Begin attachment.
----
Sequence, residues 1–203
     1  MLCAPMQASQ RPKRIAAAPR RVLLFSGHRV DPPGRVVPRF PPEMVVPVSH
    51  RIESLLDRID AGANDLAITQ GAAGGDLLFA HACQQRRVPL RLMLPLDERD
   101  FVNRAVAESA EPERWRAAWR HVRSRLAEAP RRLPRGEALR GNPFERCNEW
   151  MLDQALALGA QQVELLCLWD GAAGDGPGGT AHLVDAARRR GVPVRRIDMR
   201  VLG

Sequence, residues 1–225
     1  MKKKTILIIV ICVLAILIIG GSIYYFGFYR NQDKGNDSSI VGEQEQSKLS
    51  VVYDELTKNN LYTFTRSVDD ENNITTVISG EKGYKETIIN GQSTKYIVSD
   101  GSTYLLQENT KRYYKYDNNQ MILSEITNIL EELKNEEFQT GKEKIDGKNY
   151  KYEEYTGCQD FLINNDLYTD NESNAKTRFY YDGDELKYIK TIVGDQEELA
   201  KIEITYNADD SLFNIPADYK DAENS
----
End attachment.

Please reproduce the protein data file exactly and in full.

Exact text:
Sequence, residues 1–203
     1  MLCAPMQASQ RPKRIAAAPR RVLLFSGHRV DPPGRVVPRF PPEMVVPVSH
    51  RIESLLDRID AGANDLAITQ GAAGGDLLFA HACQQRRVPL RLMLPLDERD
   101  FVNRAVAESA EPERWRAAWR HVRSRLAEAP RRLPRGEALR GNPFERCNEW
   151  MLDQALALGA QQVELLCLWD GAAGDGPGGT AHLVDAARRR GVPVRRIDMR
   201  VLG

Sequence, residues 1–225
     1  MKKKTILIIV ICVLAILIIG GSIYYFGFYR NQDKGNDSSI VGEQEQSKLS
    51  VVYDELTKNN LYTFTRSVDD ENNITTVISG EKGYKETIIN GQSTKYIVSD
   101  GSTYLLQENT KRYYKYDNNQ MILSEITNIL EELKNEEFQT GKEKIDGKNY
   151  KYEEYTGCQD FLINNDLYTD NESNAKTRFY YDGDELKYIK TIVGDQEELA
   201  KIEITYNADD SLFNIPADYK DAENS